Feasibility and Short-Term Outcomes of Percutaneous Transcatheter Pulmonary Valve Replacement in Small (<30 kg) Children With Dysfunctional Right Ventricular Outflow Tract Conduits
Background—In 2010, the Melody transcatheter pulmonary valve (TPV) received Food and Drug Administration approval for treatment of dysfunctional right ventricular outflow tract conduits in patients ≥30 kg. Limited data are available regarding use of this device in smaller patients.
Methods and Results—We evaluated technical and short-term clinical outcomes of 25 patients <30 kg (10 patients <20 kg) who underwent TPV replacement for treatment of conduit dysfunction at 3 centers. Median age and weight were 8.0 years (3.4–14.4) and 21.4 kg (13.8–29.0). The median conduit diameter at the time of surgical implant was 17 mm (12–23). Two patients did not undergo TPV implant (risk of coronary compression in 1; inability to advance the delivery sheath beyond the common femoral vein in 1). After successful TPV implant, the peak conduit gradient fell from 29±16 to 9±6 mm Hg (P<0.001), and all but 2 patients had no/trivial regurgitation (down from moderate or severe preimplant in 20). TPV implant was via the femoral vein in 17 patients, the right internal jugular vein in 4, and the left subclavian vein in 2 patients. At a median follow-up of 16 months, 1 patient underwent conduit replacement for recurrent conduit stenosis, 2 developed stent fracture requiring a second TPV, and 2 developed bacterial endocarditis treated with antibiotics, 1 of whom then underwent conduit replacement. The average Melody valve mean Doppler gradient and conduit regurgitation were unchanged from early postimplant.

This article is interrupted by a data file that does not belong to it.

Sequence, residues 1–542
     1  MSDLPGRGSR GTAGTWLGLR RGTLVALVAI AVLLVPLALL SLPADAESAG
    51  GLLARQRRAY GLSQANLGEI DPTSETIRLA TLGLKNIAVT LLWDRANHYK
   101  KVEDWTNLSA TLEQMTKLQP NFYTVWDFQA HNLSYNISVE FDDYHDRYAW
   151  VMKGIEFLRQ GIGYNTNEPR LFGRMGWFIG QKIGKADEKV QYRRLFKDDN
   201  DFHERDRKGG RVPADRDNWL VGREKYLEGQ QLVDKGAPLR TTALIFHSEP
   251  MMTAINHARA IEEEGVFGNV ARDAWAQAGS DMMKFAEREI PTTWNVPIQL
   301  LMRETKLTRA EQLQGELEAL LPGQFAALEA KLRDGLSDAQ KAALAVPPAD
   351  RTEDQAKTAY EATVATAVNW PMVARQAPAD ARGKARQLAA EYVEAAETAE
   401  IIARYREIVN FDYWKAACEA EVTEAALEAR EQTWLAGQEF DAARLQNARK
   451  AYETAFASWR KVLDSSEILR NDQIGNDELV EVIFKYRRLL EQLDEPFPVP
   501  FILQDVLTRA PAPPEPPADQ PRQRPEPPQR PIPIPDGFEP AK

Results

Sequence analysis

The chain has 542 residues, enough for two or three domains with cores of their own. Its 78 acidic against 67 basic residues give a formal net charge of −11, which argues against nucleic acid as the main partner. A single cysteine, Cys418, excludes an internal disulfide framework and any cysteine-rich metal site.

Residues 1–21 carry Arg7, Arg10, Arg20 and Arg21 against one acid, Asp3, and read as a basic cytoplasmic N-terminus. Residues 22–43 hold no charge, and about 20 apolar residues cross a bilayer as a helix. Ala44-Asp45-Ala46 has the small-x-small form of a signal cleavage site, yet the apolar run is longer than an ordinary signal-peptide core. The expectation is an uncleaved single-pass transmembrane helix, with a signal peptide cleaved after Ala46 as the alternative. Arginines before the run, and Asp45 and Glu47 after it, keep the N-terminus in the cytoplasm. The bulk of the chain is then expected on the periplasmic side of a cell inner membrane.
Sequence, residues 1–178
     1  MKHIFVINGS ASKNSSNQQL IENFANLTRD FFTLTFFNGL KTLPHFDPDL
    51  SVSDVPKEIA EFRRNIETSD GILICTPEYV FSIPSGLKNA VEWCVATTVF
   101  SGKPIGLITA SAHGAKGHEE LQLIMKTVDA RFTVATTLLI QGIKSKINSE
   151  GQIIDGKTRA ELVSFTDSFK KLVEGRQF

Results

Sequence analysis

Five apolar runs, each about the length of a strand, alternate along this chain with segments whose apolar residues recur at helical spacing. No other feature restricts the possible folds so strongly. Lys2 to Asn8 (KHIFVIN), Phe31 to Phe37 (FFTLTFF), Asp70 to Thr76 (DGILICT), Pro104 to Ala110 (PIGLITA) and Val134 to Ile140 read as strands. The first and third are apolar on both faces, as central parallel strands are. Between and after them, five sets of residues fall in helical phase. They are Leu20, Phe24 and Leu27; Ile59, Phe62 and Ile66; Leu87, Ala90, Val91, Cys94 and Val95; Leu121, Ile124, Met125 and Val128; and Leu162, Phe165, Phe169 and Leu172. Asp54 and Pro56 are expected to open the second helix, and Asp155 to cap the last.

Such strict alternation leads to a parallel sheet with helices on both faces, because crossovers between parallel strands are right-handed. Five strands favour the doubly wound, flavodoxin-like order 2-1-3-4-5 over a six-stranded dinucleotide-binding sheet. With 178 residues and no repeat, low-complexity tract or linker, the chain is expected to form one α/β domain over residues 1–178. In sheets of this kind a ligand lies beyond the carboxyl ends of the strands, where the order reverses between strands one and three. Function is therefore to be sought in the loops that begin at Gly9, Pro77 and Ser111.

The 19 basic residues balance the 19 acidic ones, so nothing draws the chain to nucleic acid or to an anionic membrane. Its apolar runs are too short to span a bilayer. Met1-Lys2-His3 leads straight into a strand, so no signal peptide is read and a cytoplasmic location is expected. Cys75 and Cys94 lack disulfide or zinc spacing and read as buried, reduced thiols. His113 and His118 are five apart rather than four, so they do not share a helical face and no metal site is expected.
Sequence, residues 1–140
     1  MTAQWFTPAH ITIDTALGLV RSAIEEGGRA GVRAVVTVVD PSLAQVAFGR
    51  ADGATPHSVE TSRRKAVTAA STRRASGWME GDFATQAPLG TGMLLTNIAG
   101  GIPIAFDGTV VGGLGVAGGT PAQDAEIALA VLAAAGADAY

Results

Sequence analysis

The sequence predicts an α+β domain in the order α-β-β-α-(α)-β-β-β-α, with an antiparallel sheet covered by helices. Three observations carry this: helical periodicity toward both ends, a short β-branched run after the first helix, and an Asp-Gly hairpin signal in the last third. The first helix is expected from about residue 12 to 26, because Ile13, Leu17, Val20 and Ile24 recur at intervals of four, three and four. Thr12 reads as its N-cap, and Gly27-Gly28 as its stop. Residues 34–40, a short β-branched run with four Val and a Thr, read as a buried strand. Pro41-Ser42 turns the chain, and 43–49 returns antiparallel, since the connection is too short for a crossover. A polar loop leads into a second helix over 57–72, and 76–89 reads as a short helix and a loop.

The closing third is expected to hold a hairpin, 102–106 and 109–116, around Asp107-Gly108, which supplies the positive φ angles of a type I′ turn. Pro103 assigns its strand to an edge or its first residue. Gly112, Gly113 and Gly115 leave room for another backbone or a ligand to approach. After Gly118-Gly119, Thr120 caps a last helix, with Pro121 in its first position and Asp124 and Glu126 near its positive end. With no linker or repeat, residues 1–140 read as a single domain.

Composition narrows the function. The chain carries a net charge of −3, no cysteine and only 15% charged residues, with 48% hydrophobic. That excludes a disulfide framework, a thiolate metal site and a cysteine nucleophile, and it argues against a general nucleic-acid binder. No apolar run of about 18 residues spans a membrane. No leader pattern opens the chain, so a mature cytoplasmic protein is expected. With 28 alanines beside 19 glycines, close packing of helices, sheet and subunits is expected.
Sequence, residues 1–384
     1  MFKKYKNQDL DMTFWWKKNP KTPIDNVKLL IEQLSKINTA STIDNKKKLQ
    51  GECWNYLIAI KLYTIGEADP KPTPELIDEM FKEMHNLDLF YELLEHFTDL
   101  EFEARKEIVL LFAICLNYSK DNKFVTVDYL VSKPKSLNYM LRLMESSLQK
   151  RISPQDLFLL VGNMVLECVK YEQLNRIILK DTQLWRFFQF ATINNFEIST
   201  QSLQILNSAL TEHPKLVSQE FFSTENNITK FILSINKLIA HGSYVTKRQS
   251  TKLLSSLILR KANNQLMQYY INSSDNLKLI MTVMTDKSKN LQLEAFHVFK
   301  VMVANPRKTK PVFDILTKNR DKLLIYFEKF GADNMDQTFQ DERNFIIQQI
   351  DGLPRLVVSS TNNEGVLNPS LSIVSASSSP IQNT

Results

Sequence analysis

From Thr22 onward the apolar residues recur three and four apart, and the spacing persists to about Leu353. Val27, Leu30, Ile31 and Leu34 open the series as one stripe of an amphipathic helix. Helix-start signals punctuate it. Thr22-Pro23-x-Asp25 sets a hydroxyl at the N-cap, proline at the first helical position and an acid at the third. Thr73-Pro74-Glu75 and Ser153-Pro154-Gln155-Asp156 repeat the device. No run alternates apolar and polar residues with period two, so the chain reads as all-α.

Conclusions—Percutaneous TPV replacement can be performed in small children with good procedural and early hemodynamic results in the majority of patients.
- Received September 16, 2013.
- Accepted January 28, 2014.
- © 2014 American Heart Association, Inc.